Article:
Background/Aim: We investigated the effect of non-selective β-blockers (NSBB) in real-world situations and whether low-dose NSBB is beneficial compared to maximally tolerated doses. Methods: We performed a retrospective study of 740 patients with cirrhosis requiring prophylactic treatment of esophageal varices: 473 primary prophylaxis (PP: NSBB = 349, non-NSBB = 124) and 267 secondary prophylaxis (SP: NSBB = 200, non-NSBB = 67). The NSBB group was divided into low-dose (≤ 80 mg/day) and high-dose (> 80 mg/day). Results: In the PP group, NSBB treatment reduced mortality and showed the most pronounced effect in patients with moderate/severe ascites (hazard ratio [HR], 0.46; p < 0.01), HVPG ≥ 16 mmHg (HR, 0.53; p = 0.04), or CTP class B/C (HR, 0.46; p < 0.01) but not in those with no/mild ascites, HVPG < 16 mmHg, or CTP class A. Low-dose NSBB group showed a significant reduction in mortality compared with non-NSBB (moderate/severe ascites: HR, 0.61; p = 0.02 and CTP class B/C: HR, 0.41; p < 0.01) and the effect size was stronger than the high-dose NSBB. NSBB was associated with a reduced risk of infection (HR, 0.36; p = 0.01). In the SP group, NSBB prolonged survival in patients with moderate/severe ascites (HR, 0.56; p = 0.02), HVPG ≥ 16 mmHg (HR, 0.42; p < 0.01), or CTP class B/C (HR, 0.52; p < 0.01). Low-dose NSBB was more beneficial with 56% risk reduction (p < 0.01) of mortality compared with 33% risk reduction in the high-dose NSBB (p = 0.05). Conclusion: NSBB therapy was associated with longer survival in PP and SP groups who had an advanced stage of cirrhosis. Moreover, low-dose NSBB exhibited a better benefit than a standard-titrated high-dose NSBB with better tolerability.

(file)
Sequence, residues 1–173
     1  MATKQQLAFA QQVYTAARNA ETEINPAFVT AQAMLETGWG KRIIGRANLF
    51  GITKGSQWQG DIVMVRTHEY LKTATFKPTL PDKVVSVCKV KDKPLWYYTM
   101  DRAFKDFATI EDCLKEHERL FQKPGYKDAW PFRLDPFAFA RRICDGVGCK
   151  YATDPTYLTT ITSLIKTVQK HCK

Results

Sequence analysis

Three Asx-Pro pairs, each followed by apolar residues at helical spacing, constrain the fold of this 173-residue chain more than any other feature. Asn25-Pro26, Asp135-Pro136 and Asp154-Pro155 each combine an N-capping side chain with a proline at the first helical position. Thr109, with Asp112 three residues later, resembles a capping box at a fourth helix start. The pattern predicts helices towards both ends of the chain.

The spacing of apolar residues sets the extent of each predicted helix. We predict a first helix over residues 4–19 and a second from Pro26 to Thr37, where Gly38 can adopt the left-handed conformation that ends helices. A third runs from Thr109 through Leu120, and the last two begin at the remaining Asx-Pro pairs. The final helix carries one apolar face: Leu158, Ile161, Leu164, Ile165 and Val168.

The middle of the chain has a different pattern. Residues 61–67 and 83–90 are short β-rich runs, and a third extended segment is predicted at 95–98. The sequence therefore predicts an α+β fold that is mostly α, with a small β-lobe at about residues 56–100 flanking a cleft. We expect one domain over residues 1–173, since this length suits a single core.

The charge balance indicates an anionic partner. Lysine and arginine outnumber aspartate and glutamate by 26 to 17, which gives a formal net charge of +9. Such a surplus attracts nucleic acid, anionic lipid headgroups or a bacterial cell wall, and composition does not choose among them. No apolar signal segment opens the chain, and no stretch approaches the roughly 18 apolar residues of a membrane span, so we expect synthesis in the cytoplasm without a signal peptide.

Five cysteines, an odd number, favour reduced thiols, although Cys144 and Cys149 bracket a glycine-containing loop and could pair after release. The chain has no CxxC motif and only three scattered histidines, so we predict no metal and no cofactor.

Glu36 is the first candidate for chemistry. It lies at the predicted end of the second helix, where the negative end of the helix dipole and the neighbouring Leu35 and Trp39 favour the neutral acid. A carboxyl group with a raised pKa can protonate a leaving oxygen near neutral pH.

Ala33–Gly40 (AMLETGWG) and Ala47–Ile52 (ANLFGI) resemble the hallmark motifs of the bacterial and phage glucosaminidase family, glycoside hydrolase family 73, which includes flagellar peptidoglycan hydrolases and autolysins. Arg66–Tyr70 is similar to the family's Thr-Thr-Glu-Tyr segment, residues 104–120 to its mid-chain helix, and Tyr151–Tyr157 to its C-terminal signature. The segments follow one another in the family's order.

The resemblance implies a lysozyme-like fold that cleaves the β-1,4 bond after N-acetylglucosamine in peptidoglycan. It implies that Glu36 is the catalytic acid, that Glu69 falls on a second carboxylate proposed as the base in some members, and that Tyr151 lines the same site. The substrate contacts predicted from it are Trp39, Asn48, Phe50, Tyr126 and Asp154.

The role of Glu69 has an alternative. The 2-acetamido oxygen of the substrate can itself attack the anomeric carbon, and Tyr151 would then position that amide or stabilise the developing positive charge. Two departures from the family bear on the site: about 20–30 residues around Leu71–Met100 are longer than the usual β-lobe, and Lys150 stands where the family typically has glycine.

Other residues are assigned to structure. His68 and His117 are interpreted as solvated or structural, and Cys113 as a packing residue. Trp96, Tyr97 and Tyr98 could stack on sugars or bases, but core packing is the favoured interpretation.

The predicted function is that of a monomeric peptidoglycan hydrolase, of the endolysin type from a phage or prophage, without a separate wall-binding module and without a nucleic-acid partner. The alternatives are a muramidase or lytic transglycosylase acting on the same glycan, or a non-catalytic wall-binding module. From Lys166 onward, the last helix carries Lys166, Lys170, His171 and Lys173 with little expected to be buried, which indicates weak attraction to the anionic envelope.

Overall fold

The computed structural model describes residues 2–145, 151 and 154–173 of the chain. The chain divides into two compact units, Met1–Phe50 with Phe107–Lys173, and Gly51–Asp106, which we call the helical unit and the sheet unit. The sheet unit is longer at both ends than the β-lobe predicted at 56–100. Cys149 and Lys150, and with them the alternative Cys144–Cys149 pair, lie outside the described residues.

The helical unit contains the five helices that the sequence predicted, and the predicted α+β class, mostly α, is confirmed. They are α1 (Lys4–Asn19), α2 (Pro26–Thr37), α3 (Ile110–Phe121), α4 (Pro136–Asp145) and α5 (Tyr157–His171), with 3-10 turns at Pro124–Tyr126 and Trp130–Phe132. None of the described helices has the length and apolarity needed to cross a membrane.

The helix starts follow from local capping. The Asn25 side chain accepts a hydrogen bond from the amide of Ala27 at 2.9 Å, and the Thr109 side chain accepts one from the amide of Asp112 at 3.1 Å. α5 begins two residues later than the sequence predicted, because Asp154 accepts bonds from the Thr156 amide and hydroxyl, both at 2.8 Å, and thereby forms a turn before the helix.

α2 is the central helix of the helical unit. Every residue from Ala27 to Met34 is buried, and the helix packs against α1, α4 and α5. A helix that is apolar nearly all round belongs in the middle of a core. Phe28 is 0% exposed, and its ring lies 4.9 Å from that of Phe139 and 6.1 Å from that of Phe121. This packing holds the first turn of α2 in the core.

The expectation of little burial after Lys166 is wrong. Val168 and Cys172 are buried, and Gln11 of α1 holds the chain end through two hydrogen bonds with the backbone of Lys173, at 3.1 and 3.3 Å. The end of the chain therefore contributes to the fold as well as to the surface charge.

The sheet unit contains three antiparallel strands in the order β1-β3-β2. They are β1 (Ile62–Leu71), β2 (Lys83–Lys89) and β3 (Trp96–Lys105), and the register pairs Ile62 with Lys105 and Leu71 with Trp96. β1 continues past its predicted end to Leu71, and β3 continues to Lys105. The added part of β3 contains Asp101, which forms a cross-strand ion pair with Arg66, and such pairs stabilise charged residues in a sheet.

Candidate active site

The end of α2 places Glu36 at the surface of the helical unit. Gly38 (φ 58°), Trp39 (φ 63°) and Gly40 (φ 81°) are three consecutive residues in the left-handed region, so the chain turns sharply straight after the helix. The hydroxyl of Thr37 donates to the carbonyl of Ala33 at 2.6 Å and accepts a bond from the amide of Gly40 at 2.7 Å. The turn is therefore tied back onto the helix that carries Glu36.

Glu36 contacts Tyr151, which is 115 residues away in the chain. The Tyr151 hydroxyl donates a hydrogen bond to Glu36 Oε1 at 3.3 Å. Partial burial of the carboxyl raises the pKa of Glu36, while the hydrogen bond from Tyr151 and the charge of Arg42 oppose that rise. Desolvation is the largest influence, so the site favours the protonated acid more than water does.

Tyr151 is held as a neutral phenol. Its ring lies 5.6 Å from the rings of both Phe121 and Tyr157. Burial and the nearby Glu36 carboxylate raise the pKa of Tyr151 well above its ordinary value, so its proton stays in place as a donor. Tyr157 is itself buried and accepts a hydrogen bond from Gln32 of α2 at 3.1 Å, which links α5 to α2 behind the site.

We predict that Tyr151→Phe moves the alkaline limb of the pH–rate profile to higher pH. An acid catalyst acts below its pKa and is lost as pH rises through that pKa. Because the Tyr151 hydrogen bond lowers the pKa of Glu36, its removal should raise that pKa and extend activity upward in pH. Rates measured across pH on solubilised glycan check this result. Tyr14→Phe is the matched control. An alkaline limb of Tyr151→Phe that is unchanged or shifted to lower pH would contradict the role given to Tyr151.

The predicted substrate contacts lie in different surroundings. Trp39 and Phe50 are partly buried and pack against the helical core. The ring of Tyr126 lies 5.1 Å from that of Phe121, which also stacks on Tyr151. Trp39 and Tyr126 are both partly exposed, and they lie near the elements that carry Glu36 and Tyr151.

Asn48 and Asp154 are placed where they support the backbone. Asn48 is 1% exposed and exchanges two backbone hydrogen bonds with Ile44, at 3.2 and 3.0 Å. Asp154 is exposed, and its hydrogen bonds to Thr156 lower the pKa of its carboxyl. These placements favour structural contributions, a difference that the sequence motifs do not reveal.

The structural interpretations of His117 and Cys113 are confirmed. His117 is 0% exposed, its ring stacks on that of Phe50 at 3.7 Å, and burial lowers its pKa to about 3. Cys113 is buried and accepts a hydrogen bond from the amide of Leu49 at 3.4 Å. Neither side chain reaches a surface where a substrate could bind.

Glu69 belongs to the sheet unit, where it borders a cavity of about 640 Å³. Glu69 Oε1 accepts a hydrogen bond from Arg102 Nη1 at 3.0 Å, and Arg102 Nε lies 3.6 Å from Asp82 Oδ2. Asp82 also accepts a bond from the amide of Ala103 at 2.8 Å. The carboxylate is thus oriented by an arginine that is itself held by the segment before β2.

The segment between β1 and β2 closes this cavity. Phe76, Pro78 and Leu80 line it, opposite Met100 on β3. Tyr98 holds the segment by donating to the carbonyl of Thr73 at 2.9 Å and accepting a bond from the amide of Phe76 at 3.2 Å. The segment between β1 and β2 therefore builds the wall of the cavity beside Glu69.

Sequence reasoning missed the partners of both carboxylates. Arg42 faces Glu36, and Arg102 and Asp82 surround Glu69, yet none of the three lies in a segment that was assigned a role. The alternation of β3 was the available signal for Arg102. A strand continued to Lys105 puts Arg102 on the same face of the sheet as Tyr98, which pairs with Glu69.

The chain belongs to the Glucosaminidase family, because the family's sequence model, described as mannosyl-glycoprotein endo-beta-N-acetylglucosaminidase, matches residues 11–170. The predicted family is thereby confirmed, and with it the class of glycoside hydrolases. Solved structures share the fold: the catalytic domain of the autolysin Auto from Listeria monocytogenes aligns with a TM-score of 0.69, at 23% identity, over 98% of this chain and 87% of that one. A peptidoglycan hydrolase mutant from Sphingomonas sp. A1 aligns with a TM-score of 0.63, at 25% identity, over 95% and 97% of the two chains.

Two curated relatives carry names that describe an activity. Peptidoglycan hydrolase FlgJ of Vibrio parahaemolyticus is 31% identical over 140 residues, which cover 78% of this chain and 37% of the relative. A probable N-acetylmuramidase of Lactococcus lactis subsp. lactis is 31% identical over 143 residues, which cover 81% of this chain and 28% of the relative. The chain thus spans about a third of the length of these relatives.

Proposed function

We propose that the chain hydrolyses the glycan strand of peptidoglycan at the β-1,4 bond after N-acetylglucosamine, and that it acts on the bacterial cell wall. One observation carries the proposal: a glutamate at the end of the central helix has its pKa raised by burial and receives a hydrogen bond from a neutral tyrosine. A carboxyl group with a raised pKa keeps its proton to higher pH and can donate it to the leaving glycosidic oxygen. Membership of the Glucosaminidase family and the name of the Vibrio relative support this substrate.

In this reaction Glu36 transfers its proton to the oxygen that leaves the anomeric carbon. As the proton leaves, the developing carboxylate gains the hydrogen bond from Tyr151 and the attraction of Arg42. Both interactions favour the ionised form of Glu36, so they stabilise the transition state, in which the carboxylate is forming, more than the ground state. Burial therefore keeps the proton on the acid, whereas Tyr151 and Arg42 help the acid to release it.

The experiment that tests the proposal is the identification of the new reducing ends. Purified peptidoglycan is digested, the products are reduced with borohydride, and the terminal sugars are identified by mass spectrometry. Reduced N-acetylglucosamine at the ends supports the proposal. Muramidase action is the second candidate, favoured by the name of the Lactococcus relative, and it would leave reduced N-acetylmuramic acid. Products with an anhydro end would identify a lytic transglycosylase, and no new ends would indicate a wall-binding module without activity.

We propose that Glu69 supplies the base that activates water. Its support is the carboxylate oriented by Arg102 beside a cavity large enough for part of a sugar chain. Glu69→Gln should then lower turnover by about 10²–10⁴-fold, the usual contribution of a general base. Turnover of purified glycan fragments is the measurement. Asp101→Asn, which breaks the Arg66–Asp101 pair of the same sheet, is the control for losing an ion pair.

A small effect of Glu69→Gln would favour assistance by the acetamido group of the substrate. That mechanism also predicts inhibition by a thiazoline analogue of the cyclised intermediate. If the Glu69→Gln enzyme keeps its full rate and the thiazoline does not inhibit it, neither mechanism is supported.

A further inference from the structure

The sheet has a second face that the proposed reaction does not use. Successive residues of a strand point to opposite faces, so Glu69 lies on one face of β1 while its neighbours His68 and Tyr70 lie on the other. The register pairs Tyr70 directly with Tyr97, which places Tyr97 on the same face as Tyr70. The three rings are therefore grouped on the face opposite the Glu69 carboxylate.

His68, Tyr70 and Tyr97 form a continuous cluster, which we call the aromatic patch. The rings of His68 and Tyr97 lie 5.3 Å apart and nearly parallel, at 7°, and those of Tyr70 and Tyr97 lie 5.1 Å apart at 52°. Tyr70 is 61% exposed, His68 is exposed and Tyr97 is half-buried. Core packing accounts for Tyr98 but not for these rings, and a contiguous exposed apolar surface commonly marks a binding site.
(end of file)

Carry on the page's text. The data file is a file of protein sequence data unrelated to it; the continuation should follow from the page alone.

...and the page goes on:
|Number of pages||13|
|Publication status||Published - 2021 Apr|
Bibliographical noteFunding Information:
This work was supported by the National Research Foundation of Korea grant funded by the Korean government (2017R1A5A2015369, 2018R1C1B5044890 and 2020R1F1A1072449).
The authors acknowledge the assistance of the Regeneration Medicine Research Center and Mitohormesis Research Center of Yonsei University Wonju College of Medicine and all participants in the study.
© 2021, Asian Pacific Association for the Study of the Liver.
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